Prime Minister Modi will also release a book and video about the 200-year trip to Mumbai Samachar.
Mumbai: Prime Minister Narendra Modi will attend the 200th anniversary celebrations of the Gujarati daily “Mumbai Samachar” on June 14. Nilesh Dave told PTI.
Prime Minister Modi will communicate with readers and staff of Mumbai Samachar, Mr Dave said. Gujarat Prime Minister Bhupendra Patel will attend the event, he said, adding that Maharashtra Prime Minister Uddhav Thackeray had also been invited.
The event will be held at the Jio World Centre in Mumbai’s Bandra Kurla Complex. There will also be an exhibition where visitors will be able to see a newspaper printing machine from the 18th century.
PM Modi will also release a book and video film on the 200-year journey of Mumbai Samachar, Mr Dave said.
Mumbai Samachar has seen through two pandemics, two world wars, and the growth of a city thriving in myriad avatars, from a textile and mercantile hub to a buzzing financial and film industry capital.
Mumbai Samachar’s director Hormusji Cama says that 20 years ago the newspaper conducted research and found that it is the oldest surviving publication in India and the fourth oldest in the world. Bombay Samachar (as it was once said) began as a weekly newspaper in 1822 to inform readers for the first time about the movement of ships and goods, and gradually evolved into a real city newspaper focused on the business it is today.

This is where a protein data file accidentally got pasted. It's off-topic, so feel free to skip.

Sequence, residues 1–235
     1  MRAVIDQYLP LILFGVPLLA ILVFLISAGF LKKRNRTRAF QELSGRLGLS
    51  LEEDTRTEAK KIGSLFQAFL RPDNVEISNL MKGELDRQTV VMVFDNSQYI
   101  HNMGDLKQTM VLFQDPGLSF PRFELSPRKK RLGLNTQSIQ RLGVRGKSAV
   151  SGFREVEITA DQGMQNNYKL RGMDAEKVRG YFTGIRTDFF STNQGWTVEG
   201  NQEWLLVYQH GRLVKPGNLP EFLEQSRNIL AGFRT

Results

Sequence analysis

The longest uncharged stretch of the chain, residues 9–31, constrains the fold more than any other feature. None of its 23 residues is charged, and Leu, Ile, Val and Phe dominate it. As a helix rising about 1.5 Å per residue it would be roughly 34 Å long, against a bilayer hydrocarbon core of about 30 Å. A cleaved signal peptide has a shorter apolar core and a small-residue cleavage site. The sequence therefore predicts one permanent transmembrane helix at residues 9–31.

Fardunjee Marzban, a Persian scholar, began publishing four years after the launch of the Bengali newspaper Samachar Darpan to become the second non-English newspaper to be published in India. At that time it was called Moombina Samachar and for the first 10 years it was a weekly, then a biweekly and from 1855 daily.
He exchanged papers with several hands before the Cam family took over in 1933.
Cama Norton et al. is a supplier of newsprint and ink for Mumbai Samachar, owned by the Belgaumwal family. The Camas had approached the court against non-payment of arrears by Belgaumwalas and sought liquidation proceedings. The court instead asked Camas to take over the newspaper and salvage it, citing the livelihoods of employees that would be lost if the paper were to shut down. The Camas agreed.
Since then, the publication has steadily grown and today it boasts of the most advanced technologies available in the field of publishing.